CRAN status Lifecycle: stable

Git For R

The goal of git4r is to allow fast use of git tracking and branching with helpful interactive functions, built upon the git2r package. Default behaviour is designed to use a shared-drive directory as a remote, particularly helpful for corporate teams unable to access cloud services with proxy issues. Furthermore, since it is built on git2r, a system-wide git is not required.

Using git has been simplified by forcing certain behaviour, such as ensuring all changes are committed before changing to another branch, and only allowing changes to be pulled from the ‘origin’ remote. This is designed to reduce frustrations, conflicts, and lost work. However no use of git is ever pain-free and it is expected that when these tools hit their limit, users may have to resort to full git-scm or equivalent to make more drastic repairs.

This tool set is designed to be minimal but sufficient to get the key advantages of using git: - tracking changes with an audit-trail of commit messages - undoing mistakes - visualising the changes made between versions of a file or folder - working on many parallel version (branches) and effortlessly swapping and merging - synchronising with a remote version to collaborate with others and provide backup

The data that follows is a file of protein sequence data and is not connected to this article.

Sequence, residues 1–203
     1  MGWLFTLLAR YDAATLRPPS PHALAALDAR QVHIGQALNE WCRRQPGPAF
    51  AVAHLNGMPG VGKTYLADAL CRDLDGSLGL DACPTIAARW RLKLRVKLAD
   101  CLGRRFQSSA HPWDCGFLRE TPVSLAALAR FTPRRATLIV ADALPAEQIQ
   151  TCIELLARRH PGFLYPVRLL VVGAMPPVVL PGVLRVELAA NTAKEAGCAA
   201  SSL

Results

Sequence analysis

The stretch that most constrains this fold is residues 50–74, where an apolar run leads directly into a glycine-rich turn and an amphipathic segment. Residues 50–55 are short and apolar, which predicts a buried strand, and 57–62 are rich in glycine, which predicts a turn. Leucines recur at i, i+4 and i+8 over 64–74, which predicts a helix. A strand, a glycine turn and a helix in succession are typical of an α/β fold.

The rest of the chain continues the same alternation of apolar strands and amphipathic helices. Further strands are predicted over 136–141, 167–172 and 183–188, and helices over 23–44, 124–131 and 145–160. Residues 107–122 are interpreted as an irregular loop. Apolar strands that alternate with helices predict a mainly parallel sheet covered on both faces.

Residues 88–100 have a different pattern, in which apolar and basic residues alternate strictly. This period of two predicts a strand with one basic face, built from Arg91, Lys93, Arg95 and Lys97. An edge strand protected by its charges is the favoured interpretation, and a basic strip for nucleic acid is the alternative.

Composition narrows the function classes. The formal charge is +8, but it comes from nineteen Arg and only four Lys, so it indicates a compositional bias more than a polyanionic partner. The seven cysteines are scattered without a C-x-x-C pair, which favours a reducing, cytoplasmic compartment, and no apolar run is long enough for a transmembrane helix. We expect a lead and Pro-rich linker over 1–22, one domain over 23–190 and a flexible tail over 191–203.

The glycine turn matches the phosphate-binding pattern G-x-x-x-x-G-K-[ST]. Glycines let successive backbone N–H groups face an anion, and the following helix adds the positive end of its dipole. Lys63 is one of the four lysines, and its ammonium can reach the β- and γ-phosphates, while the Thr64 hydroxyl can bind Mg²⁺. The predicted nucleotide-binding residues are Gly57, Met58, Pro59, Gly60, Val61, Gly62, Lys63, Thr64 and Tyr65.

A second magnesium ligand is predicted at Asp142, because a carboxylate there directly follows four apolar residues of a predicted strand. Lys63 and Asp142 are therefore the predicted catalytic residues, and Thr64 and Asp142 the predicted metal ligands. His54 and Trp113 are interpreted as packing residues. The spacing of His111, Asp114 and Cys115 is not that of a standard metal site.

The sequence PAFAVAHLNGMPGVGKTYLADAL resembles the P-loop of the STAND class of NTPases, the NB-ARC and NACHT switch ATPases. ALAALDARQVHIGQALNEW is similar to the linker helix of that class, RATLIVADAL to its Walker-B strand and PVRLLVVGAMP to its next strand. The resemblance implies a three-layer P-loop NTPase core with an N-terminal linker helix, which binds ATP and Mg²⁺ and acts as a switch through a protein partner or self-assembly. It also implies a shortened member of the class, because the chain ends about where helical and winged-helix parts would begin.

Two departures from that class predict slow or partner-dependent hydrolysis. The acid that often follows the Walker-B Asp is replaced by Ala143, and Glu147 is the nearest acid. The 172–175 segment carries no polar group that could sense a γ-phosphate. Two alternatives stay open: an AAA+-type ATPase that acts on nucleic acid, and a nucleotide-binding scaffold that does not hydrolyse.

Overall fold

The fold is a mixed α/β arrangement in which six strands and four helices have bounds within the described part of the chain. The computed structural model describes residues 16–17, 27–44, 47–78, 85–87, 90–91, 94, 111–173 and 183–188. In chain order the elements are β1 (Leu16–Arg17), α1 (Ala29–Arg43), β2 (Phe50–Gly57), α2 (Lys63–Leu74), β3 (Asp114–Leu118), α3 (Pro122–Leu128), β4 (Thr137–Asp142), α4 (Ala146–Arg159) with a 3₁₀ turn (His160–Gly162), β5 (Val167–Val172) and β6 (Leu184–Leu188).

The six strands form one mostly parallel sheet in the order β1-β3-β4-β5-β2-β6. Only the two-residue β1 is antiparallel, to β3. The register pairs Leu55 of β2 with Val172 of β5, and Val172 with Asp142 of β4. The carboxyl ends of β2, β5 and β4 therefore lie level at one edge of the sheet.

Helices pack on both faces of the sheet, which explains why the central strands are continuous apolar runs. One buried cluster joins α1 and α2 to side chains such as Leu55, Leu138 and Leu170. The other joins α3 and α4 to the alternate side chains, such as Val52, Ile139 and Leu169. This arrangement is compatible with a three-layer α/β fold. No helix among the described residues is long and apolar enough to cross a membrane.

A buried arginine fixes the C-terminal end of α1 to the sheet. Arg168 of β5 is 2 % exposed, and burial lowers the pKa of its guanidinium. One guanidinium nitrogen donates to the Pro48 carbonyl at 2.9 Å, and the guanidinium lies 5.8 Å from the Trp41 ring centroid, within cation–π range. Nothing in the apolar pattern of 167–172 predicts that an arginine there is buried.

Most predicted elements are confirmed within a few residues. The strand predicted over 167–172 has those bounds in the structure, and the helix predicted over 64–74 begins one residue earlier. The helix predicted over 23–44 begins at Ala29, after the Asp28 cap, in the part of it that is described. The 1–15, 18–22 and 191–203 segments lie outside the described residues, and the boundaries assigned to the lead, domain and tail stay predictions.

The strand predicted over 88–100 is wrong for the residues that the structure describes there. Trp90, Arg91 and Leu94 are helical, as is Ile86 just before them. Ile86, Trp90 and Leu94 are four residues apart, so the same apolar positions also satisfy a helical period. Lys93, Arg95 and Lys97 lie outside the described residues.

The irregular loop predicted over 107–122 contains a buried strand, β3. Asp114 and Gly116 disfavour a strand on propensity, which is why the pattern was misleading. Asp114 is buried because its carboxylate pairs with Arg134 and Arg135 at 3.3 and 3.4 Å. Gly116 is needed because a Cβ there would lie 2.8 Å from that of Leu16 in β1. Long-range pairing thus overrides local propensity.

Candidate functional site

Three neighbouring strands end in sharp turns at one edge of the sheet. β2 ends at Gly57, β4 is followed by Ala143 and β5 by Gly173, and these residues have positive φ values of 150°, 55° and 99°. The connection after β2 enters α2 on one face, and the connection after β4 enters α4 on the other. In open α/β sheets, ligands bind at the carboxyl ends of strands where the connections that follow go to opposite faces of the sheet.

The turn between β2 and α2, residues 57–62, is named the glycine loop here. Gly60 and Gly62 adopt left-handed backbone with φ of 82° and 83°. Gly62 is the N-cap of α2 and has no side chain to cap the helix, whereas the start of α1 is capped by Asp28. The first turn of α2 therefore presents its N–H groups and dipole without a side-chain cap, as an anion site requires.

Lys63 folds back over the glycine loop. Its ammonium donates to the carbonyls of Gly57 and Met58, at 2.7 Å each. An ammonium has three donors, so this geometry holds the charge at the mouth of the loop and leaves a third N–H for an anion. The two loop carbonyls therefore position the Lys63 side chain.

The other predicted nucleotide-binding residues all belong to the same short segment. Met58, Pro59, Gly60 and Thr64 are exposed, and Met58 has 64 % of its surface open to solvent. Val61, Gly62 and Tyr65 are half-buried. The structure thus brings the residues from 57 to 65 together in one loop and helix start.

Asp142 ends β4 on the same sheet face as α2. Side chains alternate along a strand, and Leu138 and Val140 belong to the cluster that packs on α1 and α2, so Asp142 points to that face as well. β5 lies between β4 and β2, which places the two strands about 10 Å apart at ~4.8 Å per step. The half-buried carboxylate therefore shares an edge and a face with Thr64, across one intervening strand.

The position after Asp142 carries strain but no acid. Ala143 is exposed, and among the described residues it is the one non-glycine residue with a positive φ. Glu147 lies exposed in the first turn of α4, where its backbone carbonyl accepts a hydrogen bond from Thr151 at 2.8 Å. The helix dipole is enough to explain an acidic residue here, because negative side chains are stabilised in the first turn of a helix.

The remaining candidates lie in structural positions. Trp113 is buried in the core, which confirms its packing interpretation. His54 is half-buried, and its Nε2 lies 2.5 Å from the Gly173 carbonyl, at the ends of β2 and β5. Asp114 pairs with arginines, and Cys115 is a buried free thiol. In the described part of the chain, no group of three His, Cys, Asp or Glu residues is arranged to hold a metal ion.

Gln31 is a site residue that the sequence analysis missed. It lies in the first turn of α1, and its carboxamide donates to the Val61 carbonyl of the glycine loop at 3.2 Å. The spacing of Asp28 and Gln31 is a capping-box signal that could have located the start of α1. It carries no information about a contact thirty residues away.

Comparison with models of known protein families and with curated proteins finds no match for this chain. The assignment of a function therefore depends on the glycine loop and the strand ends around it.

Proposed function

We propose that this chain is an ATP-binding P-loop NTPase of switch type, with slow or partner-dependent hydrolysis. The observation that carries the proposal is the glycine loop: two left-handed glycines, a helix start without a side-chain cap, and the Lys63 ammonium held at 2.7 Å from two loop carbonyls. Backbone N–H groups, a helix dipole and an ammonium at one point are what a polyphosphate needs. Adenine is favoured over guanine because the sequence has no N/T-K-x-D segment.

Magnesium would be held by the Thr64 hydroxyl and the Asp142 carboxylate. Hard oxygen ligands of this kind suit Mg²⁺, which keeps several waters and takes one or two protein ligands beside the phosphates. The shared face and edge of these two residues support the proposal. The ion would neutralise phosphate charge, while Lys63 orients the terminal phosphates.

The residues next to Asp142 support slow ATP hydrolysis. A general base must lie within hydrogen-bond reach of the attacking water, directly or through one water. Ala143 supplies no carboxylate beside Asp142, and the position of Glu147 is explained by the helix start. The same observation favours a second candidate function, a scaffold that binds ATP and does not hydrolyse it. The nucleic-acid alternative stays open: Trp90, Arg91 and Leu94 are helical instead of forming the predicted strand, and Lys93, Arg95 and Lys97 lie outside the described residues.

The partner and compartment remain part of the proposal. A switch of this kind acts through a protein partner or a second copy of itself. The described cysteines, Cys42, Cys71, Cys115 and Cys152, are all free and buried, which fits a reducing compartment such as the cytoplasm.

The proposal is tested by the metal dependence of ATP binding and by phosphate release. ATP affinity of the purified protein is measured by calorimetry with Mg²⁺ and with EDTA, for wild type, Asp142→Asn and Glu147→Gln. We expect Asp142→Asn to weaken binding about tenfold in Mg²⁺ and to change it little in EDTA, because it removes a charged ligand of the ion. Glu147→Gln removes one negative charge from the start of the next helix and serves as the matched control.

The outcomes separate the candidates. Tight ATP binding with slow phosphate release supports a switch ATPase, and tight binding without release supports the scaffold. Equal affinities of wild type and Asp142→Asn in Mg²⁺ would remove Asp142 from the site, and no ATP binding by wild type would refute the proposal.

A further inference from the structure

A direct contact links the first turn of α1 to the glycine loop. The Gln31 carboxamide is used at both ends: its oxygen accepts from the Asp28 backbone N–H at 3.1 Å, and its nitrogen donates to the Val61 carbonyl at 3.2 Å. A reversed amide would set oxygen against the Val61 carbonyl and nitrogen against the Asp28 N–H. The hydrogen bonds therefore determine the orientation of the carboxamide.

You can install the latest version of git4r from its git repository. The package uses environmental variables for default behaviour, including personal access tokens (which are not required if you use a local remote directory).

Use of GIT_DEFAULT_REMOTE is entirely optional and is particularly for organisations wishing to have an entirely on-premises git workflow or issues around a corporate proxy.

# (This can be installed with dependencies=FALSE to avoid the large
#  dependency trail of diffr, however this is only for the most
#  extreme minimal installations, and git_diff() will not work)

# This package uses environmental variables to store the path of an on-premises
# remote (where push and clone will default to) and any Personal Access Tokens
# for cloud-based remote access.


All functions are designed to be used interactively and, hopefully, intuitively.

See the vignette for a very basic introduction to git concepts, the documentation for each function, or just make a temporary working directory and have a go.


getwd()  # Everything inside this folder will be git-change-controlled
         # Usually this will be the top-level project folder containing .Rproj

# The workhorse of git is adding files, committing, and push/pull changes to 
# a remote copy of the repository. See:
git()    # <- this does all 4 at once!

# If using a GIT_DEFAULT_REMOTE folder as remote, others can now find it to clone

# Git really encourages users to keep separate branches for each separate task
# and then merge results together when happy. Swapping branch is made effortless:

# We can visualise changes between directories or files across different
# branches or historic commits, getting an audit trail of changes

# And undo changes to a previous commit (helps to commit really regularly!)
# if things start going wrong. If it still is going wrong, find a full 
# installation of git-scm to make some fixes